Commercial Motor Vehicles & Florida Common Carrier Law
A common carrier is any person or company who transports passengers or goods for hire, in their normal business operations, offering their services to anyone who might be interested. While not every commercial motor vehicle (CMV) qualifies as a common carrier in Florida, many do, such as tractor-trailers, railroads, and ferry boats. If you are involved in an accident with a CMV that also qualifies as a common carrier, it is important to be aware that seeking compensation may be somewhat more complex than in a standard accident case.
Many Vehicles Fit Both Categories
Florida defines a CMV as any vehicle that (1) is not owned or operated by a governmental entity; (2) that uses ‘special or motor fuel’ on the highways; and (3) has a gross weight of 26,001 pounds or more or has 3 or more axles, “regardless of weight.” This encompasses most large vehicles, from semi-trucks to passenger buses. However, many of these vehicles also fall under the state’s definition of a common carrier at the same time.
A common carrier in Florida is a person or entity that, in the ordinary course of their business operations, transports passengers or cargo from place to place, for hire, with their services available to anyone who wants to pay. If one examines, say, a passenger train or bus, one can see that these enterprises do fit the definition of both categories. As a result, accidents involving these vehicles can get confusing in many situations with regard to liability and compensation.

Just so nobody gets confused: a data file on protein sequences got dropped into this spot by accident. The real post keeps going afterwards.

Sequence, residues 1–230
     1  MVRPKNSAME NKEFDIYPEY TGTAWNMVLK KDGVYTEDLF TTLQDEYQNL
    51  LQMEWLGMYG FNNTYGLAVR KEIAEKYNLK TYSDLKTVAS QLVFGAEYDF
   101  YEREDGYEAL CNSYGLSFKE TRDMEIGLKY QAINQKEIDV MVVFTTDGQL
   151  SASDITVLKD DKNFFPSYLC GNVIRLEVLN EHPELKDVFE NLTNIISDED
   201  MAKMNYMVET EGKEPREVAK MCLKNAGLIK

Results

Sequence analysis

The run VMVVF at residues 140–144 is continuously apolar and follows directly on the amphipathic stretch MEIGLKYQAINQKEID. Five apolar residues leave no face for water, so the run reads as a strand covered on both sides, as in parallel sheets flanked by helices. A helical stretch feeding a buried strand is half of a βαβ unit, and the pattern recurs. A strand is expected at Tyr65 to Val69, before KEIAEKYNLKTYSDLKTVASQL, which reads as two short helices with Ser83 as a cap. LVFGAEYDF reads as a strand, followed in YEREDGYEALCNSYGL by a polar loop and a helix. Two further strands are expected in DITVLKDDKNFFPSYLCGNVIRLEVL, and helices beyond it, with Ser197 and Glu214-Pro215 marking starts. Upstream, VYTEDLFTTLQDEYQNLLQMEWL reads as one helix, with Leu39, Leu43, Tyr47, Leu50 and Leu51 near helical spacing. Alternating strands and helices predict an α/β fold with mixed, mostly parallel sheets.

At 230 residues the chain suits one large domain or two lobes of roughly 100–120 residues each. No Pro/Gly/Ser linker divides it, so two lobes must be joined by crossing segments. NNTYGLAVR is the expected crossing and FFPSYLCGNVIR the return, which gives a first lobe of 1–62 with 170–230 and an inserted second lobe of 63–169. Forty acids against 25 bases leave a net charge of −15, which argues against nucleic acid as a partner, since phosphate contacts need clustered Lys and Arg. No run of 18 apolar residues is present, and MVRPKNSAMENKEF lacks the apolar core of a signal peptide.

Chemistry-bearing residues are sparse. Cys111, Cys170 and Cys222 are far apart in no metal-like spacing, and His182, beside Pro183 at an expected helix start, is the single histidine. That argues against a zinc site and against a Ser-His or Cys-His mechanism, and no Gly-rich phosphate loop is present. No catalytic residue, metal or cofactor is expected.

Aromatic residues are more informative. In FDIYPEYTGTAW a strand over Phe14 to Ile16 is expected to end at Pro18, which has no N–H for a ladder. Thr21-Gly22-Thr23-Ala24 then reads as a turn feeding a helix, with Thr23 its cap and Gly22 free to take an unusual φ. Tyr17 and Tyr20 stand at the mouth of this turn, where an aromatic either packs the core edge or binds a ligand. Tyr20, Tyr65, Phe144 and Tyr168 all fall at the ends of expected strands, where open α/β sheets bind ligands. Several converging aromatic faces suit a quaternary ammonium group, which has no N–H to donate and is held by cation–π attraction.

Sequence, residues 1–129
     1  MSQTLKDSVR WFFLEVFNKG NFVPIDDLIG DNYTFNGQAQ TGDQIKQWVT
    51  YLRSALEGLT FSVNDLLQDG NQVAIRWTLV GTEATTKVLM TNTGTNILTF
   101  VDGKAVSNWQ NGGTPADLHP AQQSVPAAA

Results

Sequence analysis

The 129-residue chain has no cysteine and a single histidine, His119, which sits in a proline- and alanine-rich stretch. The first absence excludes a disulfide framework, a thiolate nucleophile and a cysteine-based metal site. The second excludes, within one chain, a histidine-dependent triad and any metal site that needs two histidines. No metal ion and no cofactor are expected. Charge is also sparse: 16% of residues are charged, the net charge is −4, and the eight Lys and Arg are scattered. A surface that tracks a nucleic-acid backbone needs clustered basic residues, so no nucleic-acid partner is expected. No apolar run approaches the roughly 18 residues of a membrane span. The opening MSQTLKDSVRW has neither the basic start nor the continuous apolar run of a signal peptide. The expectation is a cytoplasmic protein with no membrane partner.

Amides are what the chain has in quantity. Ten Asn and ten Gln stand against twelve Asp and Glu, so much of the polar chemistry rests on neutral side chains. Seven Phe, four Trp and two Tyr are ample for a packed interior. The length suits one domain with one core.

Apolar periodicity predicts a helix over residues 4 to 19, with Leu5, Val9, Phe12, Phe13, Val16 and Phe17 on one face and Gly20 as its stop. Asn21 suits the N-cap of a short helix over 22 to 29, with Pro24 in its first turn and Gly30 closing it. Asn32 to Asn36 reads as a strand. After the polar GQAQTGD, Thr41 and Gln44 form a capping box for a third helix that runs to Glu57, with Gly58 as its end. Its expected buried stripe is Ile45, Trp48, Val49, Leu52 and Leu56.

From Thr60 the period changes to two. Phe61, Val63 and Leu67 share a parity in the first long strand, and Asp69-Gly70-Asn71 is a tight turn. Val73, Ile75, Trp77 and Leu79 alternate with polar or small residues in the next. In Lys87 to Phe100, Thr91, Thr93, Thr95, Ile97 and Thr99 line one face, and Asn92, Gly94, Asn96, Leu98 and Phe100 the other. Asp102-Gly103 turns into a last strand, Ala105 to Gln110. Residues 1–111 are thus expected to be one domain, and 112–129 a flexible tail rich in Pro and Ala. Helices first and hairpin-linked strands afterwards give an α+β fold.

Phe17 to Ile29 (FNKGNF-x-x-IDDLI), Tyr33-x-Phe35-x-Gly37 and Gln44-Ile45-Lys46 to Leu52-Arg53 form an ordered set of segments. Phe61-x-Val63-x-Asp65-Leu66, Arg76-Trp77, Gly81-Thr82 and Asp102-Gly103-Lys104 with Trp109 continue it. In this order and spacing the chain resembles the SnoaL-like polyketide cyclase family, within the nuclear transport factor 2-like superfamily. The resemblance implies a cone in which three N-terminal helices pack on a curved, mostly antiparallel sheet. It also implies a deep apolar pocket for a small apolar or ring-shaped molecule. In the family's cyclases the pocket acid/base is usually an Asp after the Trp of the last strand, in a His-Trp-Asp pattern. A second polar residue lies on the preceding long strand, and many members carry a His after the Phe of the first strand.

If you have been injured in an accident with, say, a semi-truck, it is likely that it is both a CMV and a vehicle owned by a common carrier. This means that its driver owes a duty to exercise reasonable care while on the job, and a failure to uphold that duty can result in being found liable for any injuries and/or damages they might cause. In some cases, an injured plaintiff may also be able to file suit against the trucking company as well as the truck driver, if the facts of the situation merit.
Accidents with passenger common carriers can be a bit more difficult to navigate. Common carriers that transport passengers are held to an even higher duty of care than normal – they must use the ‘utmost’ care to protect the people in their charge. That said, Florida does not require that a common carrier protect passengers from themselves – for example, if a passenger acts recklessly and injures themselves, the common carrier will generally not be held liable. There are situations in which a common carrier may be strictly liable, but this will depend on the specific facts.
Contact A Tampa CMV Accident Attorney
While not every CMV qualifies as a common carrier, it is important to know the law surrounding this classification in the event of an accident. If you have questions or concerns about a car crash involving these types of vehicles, a Tampa truck accident attorney from the Rinaldo Law Group can help to get them managed. Call our office today for a free consultation.